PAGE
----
The San Diego Padres, like every other major league baseball team, retired the number 42.
No other major league player in the history of the game may wear that number again. In 1997, on the 5oth anniversary of breaking the baseball color barrier, MLB decided to honor Jackie Robinson by retiring his number on every single team.
Only major leaguers who currently wore the number could retain it. New York Yankees star closer, Mariano Rivera, was the last player to wear that number. His retirement after the 2013 season signified that, forever, the number would be dead to all potential players in the major leagues — a great tribute to a great man.
Robinson played ten years for the Brooklyn Dodgers from 1947 to 1956. He played in 1,382 games and stepped up to the plate 4,877 times. Robinson finished with a respectable batting line of .311/.409/.474 with 137 home runs and 734 runs batted in. He was a great major league ballplayer.
Robinson was the 1947 National League Rookie of the year and the 1949 National League MVP. That MVP year, he hit an astonishing .342 with 16 homers and 124 runs batted in 156 games for the Dodgers. A look at Robinson’s sabermetric numbers is impressive. Robinson put up WAR numbers of 9.6 (1949) and 9.7 (1951). That is an elite number. Robinson put up a total WAR of 61.5 in his ten years. That’s an average of 6.15 per season. Modern-day criteria view a six and a half win player as an elite all-star. Robinson indeed had a great career.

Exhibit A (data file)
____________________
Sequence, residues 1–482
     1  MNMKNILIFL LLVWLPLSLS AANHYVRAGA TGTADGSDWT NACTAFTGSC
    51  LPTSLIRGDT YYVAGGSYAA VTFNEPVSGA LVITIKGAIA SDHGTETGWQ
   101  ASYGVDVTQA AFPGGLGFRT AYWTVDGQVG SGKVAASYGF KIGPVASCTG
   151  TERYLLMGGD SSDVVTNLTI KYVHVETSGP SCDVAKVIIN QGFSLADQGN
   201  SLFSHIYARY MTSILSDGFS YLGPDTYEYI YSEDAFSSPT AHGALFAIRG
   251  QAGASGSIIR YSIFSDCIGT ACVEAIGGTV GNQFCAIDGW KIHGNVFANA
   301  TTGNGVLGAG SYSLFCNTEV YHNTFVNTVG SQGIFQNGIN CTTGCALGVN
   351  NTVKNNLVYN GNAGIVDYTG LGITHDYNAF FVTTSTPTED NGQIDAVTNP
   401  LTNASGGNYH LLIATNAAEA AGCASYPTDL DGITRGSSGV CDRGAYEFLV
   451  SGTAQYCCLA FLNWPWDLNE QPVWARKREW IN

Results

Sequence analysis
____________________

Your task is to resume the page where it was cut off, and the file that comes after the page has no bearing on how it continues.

The six-time All-Star will always be remembered for the courage and determination he showed the world. If it wasn’t for him, then who knows where this great game of baseball would be. The game of baseball is a universal game, growing a following all over the world. If it were not for the efforts of the great Jackie Robinson, the game of baseball would have surely died long ago.
On this April 15th, we here at East Village Times remember the man and hope that his legacy lives on forever. The wisdom he showed was well beyond its time. The man was also a great ballplayer, and if not for the segregation, he could have had even better numbers. Robinson started in the major leagues at the age of 28. Can you imagine what he could have accomplished if he just started a little bit earlier?
Robinson passed away suddenly at the young age of 53, on October 24, 1972. He is survived by his wife, Rachel Robinson, whom he was married to for 27 years. They met while she and Jackie Robinson attended UCLA. Rachel Robinson formed the Jackie Robinson Foundation in 1973 and is active in support of significant causes. She has honored her husband by keeping his legacy in the public eye. We will always remember Jackie Robinson, and baseball will always love him. He possessed wisdom well beyond its time, and we only now are getting to appreciate the man.
Please think of the man today and all he accomplished for humanity. It goes way beyond the baseball diamond.